We searched CENTRAL and MEDLINE (from January 1985 to November 2011), and EMBASE (from 1990 to 2009) as well as conference proceedings for randomised controlled trials (RCTs). Two review authors (KB, NS) independently screened search results.
We included RCTs comparing alemtuzumab with no further therapy or comparing alemtuzumab with anti-leukaemic therapy such as chemotherapy or monoclonal antibodies in patients with histologically-confirmed B-cell CLL. Both pretreated and chemotherapy-naive patients were included.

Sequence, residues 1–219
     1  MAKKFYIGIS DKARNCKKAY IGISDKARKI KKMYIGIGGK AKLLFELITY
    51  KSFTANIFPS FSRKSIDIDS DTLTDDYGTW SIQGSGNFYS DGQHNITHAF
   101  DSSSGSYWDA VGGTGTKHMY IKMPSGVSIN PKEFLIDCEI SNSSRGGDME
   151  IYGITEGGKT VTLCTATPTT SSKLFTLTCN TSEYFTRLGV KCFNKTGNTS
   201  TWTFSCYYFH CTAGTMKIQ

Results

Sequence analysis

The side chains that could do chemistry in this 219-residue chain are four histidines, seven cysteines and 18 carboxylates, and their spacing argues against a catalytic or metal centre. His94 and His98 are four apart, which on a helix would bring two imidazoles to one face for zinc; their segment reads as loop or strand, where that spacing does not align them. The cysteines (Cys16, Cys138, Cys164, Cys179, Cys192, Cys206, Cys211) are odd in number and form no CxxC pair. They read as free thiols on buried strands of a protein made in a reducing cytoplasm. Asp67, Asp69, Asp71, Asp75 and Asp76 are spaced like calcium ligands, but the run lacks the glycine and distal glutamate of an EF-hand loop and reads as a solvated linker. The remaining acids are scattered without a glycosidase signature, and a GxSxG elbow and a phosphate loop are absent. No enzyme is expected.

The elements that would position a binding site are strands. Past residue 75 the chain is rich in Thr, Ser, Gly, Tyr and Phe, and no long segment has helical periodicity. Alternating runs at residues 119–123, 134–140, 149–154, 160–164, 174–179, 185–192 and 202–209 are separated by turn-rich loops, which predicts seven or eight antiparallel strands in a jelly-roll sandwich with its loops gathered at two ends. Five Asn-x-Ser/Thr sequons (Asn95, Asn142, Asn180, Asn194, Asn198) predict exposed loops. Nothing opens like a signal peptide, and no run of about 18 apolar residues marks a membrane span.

We used hazard ratios (HR) as an effect measure for overall survival (OS) and progression-free survival (PFS) and risk ratios (RRs) for response rates, treatment-related mortality (TRM) and adverse events. Two review authors independently extracted data and assessed the quality of trials.